6. 6. Molecular Modeling methods6 The two most common computational methods  Molecular mechanics  Quantum mechanics Both these methods produce equations for the total energy(E) of the structure. MOLECULAR MECHANICS:  Calculation of energy of atoms, force on atoms and their resulting motion.  Used to model the geometry of the molecule, motion of molecule and to get the global minimum energy structure. Thomas L L, David A W, Victoria K(1999), Foye‟s principles of Medicinal Chemistry, Lippincott Williams & Wilkins publications, 6th edition, 3, pp. 55-63.
  7. 7. Molecular mechanics 7 Consider a molecule as system of rigid balls connected via springs.  Depends strongly on concepts of bonding  Follows the Newtonian laws  Neglect the electronic degrees of freedomLeach A R(2001), Molecular Modelling: Principles and Applications, Oxford press, 4th edition, 1, pp. 1-3.
  8. 8. Methods for Molecular mechanics study 8  Potential surface  Study of force field  Study of Electrostatics  Molecular dynamics  Conformational AnalysisLeach A R(2001), Molecular Modelling: Principles and Applications, Oxford press, 4th edition, 1, pp. 1-3.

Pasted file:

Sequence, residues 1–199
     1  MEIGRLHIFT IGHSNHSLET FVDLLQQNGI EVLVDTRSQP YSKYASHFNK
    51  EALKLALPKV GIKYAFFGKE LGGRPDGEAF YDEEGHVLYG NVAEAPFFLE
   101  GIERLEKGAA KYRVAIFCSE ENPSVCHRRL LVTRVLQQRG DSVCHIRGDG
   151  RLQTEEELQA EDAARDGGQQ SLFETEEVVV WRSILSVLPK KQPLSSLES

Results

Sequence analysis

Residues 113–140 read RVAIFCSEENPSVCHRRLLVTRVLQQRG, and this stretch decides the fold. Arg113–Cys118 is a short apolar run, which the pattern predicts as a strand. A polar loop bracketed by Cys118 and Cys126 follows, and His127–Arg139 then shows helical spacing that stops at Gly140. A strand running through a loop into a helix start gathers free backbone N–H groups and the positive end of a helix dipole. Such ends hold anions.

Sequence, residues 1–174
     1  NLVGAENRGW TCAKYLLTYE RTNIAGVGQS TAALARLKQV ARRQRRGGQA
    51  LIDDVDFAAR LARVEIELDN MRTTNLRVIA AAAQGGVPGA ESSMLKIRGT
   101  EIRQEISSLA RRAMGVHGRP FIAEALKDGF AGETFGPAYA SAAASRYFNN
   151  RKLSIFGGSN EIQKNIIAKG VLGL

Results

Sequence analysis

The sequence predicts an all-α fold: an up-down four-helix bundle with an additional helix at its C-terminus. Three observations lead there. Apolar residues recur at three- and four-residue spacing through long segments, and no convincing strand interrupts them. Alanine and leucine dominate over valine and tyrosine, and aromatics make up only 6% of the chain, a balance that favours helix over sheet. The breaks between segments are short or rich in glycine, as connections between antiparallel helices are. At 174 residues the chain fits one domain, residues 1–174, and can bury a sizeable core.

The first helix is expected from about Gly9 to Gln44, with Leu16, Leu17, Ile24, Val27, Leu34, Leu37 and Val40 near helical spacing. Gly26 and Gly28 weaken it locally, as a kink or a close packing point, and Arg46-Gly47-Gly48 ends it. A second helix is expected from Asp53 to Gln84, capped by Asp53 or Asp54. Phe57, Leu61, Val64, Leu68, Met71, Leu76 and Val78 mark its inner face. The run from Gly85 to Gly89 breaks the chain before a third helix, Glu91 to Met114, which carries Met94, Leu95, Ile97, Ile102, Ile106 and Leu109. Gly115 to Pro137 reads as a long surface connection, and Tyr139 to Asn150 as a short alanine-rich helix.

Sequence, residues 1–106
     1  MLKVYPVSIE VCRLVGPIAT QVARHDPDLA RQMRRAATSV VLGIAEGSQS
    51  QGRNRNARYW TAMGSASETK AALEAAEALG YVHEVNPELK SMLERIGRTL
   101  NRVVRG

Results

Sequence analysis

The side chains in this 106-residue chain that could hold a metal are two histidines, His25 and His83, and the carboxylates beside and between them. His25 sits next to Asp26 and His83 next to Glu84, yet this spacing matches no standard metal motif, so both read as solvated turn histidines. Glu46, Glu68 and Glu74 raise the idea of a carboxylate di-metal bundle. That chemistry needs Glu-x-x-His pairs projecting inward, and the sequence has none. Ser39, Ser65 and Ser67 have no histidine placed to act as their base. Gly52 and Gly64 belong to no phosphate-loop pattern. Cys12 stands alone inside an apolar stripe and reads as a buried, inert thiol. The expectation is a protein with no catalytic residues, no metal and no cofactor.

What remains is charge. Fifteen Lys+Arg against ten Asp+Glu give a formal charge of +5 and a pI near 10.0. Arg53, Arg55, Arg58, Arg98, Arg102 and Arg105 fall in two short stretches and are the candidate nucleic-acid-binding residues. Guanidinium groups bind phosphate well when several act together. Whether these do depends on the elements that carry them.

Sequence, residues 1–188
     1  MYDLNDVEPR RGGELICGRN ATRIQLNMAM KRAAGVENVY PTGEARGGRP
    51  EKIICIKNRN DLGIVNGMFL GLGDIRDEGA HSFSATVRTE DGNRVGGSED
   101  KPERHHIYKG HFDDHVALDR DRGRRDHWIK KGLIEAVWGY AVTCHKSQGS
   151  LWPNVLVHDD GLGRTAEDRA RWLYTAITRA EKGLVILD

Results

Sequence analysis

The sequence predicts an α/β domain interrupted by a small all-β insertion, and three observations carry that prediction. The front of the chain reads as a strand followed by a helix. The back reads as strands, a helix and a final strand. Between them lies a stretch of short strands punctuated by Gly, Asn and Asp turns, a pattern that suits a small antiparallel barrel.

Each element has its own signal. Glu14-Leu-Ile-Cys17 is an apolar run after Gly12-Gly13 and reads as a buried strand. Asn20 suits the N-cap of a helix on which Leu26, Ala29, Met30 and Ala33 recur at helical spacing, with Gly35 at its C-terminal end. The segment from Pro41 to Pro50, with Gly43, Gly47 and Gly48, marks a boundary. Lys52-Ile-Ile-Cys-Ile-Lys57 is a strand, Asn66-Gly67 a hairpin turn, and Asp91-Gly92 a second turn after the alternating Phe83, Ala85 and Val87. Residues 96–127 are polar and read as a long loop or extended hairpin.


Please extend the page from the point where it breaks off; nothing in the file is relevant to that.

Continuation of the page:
9. 9. Methods for Molecular mechanics study 9  Force field is used to describe the total potential energy of a molecule or system as a function of geometry. and the set of parameters required is called “force field parameters”. The total energy is a sum of Taylor series expansions for stretches for every pair of bonded atoms, and adds additional potential energy terms coming from bending, torsional energy, Vander wall energy, electrostatics and cross terms.  Study of Electrostatics involves the study of interaction between various dipoles.Leach A R(2001), Molecular Modelling: Principles and Applications, Oxford press, 4th edition, 1, pp. 1-3.